Share This Page

Pirates vow to improve steals, base running

| Saturday, Dec. 8, 2012, 10:32 p.m.
The Pirates' Andrew McCutchen is tagged out by the Astros' Jed Lowrie in the fourth inning at PNC Park May 11, 2012. Chaz Palla | Tribune Review

Since he took over two years ago, manager Clint Hurdle has maintained one of the best ways to utilize the Pirates' speed is through stolen bases. And it's not enough merely to swipe more bags; the success rate must be higher, too.

In 2009, the Pirates' 74 percent stolen-base success rate was second-best in the National League. That number has tumbled in each of the past three seasons.

This year, the Pirates' 58 percent rate was by far the worst in the majors in a season when base stealers generally flourished. The big league average success rate of 75 percent was the highest since 2007.

“We backtracked (this) year,” Hurdle admitted. “It's the mentality, first and foremost. They call it a stolen base for a reason. You're taking something that's not yours, and you've got to have that mentality.”

Perhaps the Pirates lost some of their base stealer's mentality because they acquired more of a slugger's approach at the plate. They hit 170 home runs in 2012, 63 more than a year before and their highest total since going deep 171 times in 1999. The team's .395 slugging percentage last season was its best since 2008.

“Once guys are hitting the ball, they don't feel the necessity maybe looking for those (steal) opportunities, or sometimes you hit the ball right before a guy on base was planning on running,” Hurdle said.

The two catalysts of the running game should be the leadoff hitter — whoever ends up in that role — and Andrew McCutchen.

Last week during the winter meetings, Hurdle said he has “some thoughts” about who will be atop the lineup in 2013, but refused to identify any candidates. Pirates leadoff hitters had a .291 on-base percentage and a 59.5 steal success percentage last season, both well below the NL averages.

McCutchen was an MVP candidate in 2012, as he set career highs in nearly every offensive category. The exception was steals.

McCutchen stole 33 bases and had a 77 percent success rate in 2010, his first full season in the majors. Last year, he swiped 20 bags and a 63 percent success rate.

“One of the things he's going to try to bring with him next year is the base running and stolen base facets of his game,” Hurdle said. “What I like about him is that he demands so much of himself. It's not about awards. It's about him finding a way to get a little bit better and to help us win the game we're playing that day.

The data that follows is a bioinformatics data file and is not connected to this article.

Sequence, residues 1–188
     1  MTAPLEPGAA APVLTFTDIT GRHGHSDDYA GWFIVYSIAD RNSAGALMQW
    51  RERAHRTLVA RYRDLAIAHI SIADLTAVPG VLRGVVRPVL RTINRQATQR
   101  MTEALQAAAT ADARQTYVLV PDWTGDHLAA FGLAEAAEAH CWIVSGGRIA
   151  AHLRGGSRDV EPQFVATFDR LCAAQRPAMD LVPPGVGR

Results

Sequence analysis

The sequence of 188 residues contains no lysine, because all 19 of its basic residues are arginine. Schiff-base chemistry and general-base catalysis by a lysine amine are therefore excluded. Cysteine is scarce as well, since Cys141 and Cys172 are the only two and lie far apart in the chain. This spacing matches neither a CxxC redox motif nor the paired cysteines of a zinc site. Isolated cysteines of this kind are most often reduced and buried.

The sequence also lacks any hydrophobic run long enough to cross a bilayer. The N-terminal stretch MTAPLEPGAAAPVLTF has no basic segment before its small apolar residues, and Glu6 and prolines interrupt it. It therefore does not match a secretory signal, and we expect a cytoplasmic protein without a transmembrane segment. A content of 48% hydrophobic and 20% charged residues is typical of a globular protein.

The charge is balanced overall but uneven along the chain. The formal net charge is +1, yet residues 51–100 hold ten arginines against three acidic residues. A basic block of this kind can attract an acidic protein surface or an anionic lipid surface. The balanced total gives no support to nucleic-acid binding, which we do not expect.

“That mentality plays well in the clubhouse. He's a guy whose actions usually speak much louder than his words, and guys have a tendency to pick up and want to follow and want to keep up with him.”

Rob Biertempfel is a staff writer for Trib Total Media. He can be reached at rbiertempfel@tribweb.com or 412-320-7811.

TribLIVE commenting policy

You are solely responsible for your comments and by using TribLive.com you agree to our Terms of Service.

We moderate comments. Our goal is to provide substantive commentary for a general readership. By screening submissions, we provide a space where readers can share intelligent and informed commentary that enhances the quality of our news and information.

While most comments will be posted if they are on-topic and not abusive, moderating decisions are subjective. We will make them as carefully and consistently as we can. Because of the volume of reader comments, we cannot review individual moderation decisions with readers.

We value thoughtful comments representing a range of views that make their point quickly and politely. We make an effort to protect discussions from repeated comments either by the same reader or different readers

We follow the same standards for taste as the daily newspaper. A few things we won't tolerate: personal attacks, obscenity, vulgarity, profanity (including expletives and letters followed by dashes), commercial promotion, impersonations, incoherence, proselytizing and SHOUTING. Don't include URLs to Web sites.

We do not edit comments. They are either approved or deleted. We reserve the right to edit a comment that is quoted or excerpted in an article. In this case, we may fix spelling and punctuation.

We welcome strong opinions and criticism of our work, but we don't want comments to become bogged down with discussions of our policies and we will moderate accordingly.

We appreciate it when readers and people quoted in articles or blog posts point out errors of fact or emphasis and will investigate all assertions. But these suggestions should be sent via e-mail. To avoid distracting other readers, we won't publish comments that suggest a correction. Instead, corrections will be made in a blog post or in an article.